Hans Selye first started to investigate the issue of stress, even before he know that was what he was doing. As with so many discoveries in the scientific community, they are often as a result of an investigation into something else, and in the case of Selye’s studies he was actually investigating the effects of hormones on rats. He found that they were developing ulcers and greatly enlarged adrenal glands and could have easily concluded that the introduction of extra hormones into rats causes ulcers and enlarged adrenals.
As a theory it appears initially a sound conclusion. Therefore one could suggest that if you wanted rats not to have ulcers and enlarged adrenal glands then don’t give them extra hormones. But scientists like to make sure that their conclusions are correct so they carry out checks to remove possible alternative causes of the discovered result. Therefore he carried out a control study. This means he injected another group of rats with saline (salt and water mix) with the assumption that nothing would happen as saline should have no effect on the rats metabolism.
He found in fact that the rats suffered the same physiological alterations to those being injected with hormones. The obvious conclusion is that it is the injection itself that is causing the physiological changes not the substance that is being injected. Therefore the changed state was as a result of the rats’ response to being injected. Any of you who are ‘needle phobic’ would have saved an awful lot of rats having to go through such experiments because you could have dramatically demonstrated that having a needle put into you will cause stress!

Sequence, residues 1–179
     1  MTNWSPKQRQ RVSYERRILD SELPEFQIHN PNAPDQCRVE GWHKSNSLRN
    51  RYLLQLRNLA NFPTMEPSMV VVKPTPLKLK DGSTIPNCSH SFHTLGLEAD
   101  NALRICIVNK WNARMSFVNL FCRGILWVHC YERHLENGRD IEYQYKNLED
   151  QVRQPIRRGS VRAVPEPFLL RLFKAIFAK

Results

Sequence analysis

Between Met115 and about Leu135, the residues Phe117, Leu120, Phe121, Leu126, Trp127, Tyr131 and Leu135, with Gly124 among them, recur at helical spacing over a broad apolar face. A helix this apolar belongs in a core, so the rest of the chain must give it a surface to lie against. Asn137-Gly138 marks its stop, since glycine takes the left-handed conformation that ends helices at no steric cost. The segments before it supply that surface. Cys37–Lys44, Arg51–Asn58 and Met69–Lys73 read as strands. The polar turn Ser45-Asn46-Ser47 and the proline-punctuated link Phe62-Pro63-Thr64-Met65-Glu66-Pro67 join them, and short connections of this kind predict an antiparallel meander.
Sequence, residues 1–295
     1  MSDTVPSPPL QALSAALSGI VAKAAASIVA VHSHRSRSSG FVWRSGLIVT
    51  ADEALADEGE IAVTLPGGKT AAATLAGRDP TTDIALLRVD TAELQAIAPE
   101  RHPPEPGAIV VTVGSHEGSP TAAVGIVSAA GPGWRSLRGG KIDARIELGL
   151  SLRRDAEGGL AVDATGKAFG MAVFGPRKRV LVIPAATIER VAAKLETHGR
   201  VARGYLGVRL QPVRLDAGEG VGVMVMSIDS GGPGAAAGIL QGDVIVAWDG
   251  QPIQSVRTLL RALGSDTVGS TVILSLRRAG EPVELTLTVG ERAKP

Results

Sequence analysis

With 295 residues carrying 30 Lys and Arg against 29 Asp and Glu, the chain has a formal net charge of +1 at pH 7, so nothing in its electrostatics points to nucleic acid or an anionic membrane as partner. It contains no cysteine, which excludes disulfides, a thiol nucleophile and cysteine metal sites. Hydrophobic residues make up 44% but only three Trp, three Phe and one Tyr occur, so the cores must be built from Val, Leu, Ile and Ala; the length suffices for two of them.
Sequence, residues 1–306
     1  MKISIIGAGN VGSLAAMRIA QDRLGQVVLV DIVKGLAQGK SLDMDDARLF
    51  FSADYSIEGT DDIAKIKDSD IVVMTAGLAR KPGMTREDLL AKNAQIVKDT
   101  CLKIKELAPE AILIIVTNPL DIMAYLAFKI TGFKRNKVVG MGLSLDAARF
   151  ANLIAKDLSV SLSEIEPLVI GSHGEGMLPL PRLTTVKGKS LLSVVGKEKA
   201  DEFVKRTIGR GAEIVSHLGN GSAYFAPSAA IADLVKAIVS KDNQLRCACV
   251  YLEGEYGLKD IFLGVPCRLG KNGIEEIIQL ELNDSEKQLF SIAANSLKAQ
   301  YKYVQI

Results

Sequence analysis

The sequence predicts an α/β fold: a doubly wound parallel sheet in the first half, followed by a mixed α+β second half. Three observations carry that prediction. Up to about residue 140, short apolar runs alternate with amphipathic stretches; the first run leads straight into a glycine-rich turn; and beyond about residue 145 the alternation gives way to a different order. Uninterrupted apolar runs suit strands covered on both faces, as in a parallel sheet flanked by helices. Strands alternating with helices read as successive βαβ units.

The word ‘stress’ was not an invention of Hans Selye. He in fact borrowed the term and some of the theory from work carried out at the start of the century by another scientist called Walter Cannon. Walter Cannon was the person who first used the term ‘stress’. He was attempting to explain ‘the reaction that takes place when pressure is applied on animals that then respond so as to deal with the perceived or actual pressure’. (In plain English that means how an animal responds when they feel physically or emotionally threatened.
Walter Cannon also devised the theory about the instinctive nature of the ‘fight or flight’ syndrome, which is activated when the mind perceives a need for an action to be carried out that might need a level of confrontation to occur (fight) or a need to escape or run away (flight). Basically if you are walking down a dark street on your own and you hear someone walking in the distance behind you, it is likely that you will experience a degree of stress. This feeling causes changes inside of yourself that enable you to deal with the possible situation of being confronted by an attacker.
You will find that you will either defend yourself from an attack (fight) or you will run away (flight). Therefore Walter Cannon’s investigations proved to be a help to Hans Selye’s work General Adaptation Syndrome Hans Selye (1956) proposed a theory about how the human body responds to stress, which he termed as the General Adaptation Syndrome (GAS). He defined stress as “the individual’s psycho-physiological response, mediated largely by the autonomic nervous system and the endocrine system to any demands made on the individual”.
In plain English the statement could be translated as meaning “the person’s mental and physical response brought about by the by specific parts of the nervous system and endocrine system as a result of a worry or anxious concern being made on the person”. Whatever the cause of the stress, whether it is physical or emotional, created by one self or put upon us by another, Hans Selye felt the body always responded in the same way, which he describes in this three-phase theory.